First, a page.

6 reasons young victims cannot recognize sexual assault

October 28, 2016

Twenty-year old college student, Alec Cook, has been charged with sexual assault of five University of Wisconsin women with “dozens” more eager to speak to the police. He is reported to have met his would-be victims in classes and parties, courted them through texts and Facebook messages, and then invited them into his apartment. When the young women declined his sexual overtures, he allegedly detained them against their will and assaulted them, sometimes for hours. He is alleged to have grabbed them by the arms and hair, and used drugs, persuasion, slaps and physical force to press them into a range of sex acts. Cook has also been charged with the attempted strangulation or suffocation of at least two of his alleged victims. Making law enforcement’s job a little easier, Cook recorded women’s names and details about what he liked about each one in a black leather book that they found in his nightstand. Next to some of their names he had apparently scribbled the word, “kill.”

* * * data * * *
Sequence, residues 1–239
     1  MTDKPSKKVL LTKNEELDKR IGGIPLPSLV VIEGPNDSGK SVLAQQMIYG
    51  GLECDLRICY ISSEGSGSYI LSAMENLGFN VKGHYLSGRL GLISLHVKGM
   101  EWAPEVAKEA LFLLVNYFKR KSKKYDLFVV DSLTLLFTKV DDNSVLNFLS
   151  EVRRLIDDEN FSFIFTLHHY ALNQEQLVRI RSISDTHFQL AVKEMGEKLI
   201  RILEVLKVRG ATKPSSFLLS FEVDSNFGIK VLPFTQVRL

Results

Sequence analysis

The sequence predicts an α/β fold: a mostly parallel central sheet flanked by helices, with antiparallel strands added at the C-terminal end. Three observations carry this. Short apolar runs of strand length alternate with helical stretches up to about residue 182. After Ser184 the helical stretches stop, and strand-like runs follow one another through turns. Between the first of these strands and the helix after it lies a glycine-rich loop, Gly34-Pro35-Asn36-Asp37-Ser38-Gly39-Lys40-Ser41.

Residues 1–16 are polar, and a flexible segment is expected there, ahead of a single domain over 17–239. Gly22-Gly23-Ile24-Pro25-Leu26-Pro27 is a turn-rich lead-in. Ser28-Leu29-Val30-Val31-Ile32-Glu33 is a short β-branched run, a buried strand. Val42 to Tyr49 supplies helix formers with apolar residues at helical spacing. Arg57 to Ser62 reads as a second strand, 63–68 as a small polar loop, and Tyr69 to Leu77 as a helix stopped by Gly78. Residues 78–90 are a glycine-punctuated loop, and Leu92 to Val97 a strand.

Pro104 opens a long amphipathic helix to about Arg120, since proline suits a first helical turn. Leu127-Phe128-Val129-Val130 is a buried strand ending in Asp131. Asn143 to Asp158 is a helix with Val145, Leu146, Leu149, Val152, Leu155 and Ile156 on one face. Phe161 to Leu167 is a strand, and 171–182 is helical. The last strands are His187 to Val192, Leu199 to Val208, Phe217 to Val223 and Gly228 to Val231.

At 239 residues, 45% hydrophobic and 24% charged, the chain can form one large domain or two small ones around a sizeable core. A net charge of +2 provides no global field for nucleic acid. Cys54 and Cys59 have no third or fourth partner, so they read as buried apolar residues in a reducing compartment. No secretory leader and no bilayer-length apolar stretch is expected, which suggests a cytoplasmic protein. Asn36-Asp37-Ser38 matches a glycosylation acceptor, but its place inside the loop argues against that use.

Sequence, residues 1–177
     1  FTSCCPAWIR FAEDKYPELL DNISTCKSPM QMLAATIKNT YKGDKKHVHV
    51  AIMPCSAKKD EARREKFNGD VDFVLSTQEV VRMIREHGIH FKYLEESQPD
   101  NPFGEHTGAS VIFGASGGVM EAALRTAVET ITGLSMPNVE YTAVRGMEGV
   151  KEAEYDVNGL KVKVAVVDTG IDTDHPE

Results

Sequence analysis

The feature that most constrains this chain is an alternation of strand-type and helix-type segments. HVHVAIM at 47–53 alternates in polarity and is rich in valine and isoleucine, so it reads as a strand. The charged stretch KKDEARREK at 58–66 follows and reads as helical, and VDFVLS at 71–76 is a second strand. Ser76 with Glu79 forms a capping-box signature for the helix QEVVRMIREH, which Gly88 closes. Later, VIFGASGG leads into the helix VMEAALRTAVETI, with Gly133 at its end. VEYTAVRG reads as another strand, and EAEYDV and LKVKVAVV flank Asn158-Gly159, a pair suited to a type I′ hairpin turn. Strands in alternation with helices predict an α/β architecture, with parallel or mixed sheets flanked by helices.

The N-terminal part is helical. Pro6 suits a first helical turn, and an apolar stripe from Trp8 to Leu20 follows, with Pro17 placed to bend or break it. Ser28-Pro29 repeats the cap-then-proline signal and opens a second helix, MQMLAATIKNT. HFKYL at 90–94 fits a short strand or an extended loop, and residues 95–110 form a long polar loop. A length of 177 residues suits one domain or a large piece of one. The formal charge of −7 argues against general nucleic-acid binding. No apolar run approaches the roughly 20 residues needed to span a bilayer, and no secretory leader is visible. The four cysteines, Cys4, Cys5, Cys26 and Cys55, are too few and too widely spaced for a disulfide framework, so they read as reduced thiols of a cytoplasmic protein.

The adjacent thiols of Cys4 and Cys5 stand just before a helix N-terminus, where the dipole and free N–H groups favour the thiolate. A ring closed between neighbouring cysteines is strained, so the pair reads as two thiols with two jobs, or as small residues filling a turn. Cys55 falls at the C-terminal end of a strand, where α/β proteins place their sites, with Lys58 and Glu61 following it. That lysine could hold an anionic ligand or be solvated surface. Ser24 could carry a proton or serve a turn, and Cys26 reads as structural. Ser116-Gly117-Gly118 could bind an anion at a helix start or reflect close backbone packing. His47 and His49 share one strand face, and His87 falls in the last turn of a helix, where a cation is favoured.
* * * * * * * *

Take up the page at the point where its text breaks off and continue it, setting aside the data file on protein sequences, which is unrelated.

This case is remarkable because of the sheer number of alleged victims and Cook’s record keeping. However, the general pattern is unsurprising. Eight out of ten victims of sexual assault know their assailants. College-age women are highly susceptible to sexual assault—with women of the same age who are not in college more likely to be victimized than young women in college. Let’s look at some of the reasons young women may hesitate to label what they’ve endured as “sexual assault,” and why they may not want to go to authorities.